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Former Seattle Sonic Robert Swift lost his home to foreclosure last year, but he didn't move out.
With the new owners ready to move in, there was some speculation as to how authorities would get the seven-footer out of his mansion. This was especially worrisome given reports that Swift kept a large cache of weapons and alcohol.
This past weekend, though, Swift quietly moved out. The home's new owners say they were shocked by what he left behind, reports Seattle's KOMO-TV.
New owner Jessica Ko-Dalzell says the first thing that hits you when you open the door to Robert Swift's former home is the stench. Then it's all downhill from there.
Ko-Dalzell says that animal feces clogs the deck, multiple walls are punched out, and pizza boxes and empty beer bottles litter the home, reports KOMO.
Along with the trash, Ko-Dalzell found multiple guns and live ammo in the home. Swift also apparently used his basement as a makeshift shooting range. Load-bearing beams and the home's foundation were said to be used for target practice.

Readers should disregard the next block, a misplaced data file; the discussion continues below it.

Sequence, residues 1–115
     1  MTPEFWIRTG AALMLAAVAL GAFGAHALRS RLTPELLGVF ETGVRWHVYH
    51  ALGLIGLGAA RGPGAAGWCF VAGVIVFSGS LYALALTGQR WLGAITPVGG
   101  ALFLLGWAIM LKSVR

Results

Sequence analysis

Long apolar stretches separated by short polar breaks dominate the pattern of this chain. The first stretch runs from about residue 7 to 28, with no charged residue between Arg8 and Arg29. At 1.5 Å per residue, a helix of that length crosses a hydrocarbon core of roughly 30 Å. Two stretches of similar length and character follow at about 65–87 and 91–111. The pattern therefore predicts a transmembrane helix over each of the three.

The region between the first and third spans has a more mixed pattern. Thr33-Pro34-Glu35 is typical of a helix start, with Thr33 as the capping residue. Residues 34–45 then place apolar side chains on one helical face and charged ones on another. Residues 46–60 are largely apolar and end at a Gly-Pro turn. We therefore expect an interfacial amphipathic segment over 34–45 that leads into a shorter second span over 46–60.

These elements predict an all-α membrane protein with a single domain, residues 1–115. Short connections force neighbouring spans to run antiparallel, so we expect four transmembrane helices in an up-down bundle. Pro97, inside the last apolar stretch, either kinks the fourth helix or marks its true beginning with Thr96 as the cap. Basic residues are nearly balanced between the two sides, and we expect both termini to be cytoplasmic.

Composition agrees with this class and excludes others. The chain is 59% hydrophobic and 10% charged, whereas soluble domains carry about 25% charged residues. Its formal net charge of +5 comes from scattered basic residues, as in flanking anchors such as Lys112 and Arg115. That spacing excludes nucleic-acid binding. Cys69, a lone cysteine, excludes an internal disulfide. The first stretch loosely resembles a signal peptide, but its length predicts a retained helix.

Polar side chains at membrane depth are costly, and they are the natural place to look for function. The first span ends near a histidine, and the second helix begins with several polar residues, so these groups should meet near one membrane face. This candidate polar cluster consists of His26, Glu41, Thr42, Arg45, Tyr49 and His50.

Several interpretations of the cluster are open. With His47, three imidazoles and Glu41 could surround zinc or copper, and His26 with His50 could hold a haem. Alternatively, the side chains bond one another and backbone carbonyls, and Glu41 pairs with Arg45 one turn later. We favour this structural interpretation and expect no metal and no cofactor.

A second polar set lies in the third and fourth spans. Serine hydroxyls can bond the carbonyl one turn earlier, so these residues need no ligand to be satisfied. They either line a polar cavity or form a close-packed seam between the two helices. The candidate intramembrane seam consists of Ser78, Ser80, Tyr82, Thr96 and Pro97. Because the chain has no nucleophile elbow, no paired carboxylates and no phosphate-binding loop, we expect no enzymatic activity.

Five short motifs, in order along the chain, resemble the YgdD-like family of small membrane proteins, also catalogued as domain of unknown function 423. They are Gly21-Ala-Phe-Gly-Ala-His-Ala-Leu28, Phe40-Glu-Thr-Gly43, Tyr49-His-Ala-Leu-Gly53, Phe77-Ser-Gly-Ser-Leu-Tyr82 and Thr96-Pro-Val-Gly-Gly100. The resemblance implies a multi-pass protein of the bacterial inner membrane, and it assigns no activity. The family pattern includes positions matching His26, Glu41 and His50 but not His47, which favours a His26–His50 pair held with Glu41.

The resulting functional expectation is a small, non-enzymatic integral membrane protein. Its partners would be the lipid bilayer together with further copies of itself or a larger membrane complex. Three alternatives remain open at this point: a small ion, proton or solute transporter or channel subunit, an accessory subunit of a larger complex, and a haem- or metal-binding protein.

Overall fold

In the past year, Ko-Dalzell said that she made multiple attempts to contact Swift. However, he never came to the door and never responded to her letters.
In most cases, when a home is lost to foreclosure, the previous resident is given a reasonable amount of time to move out. Prior to the sale of a foreclosed home, it is not unheard of for someone to remain in the home for more than a year, according to LoanSafe.org.
But after a foreclosure sale, your rights to remain in the home are now much more limited. You may have less than a week to move out before law-enforcement agents get involved. At that point, you could face criminal penalties if you don't move out.
If Robert Swift needed more time to move out, he could have responded to the letters and negotiated a timeframe for his transition. Instead, he chose to do nothing and left behind a mess as he quietly disappeared.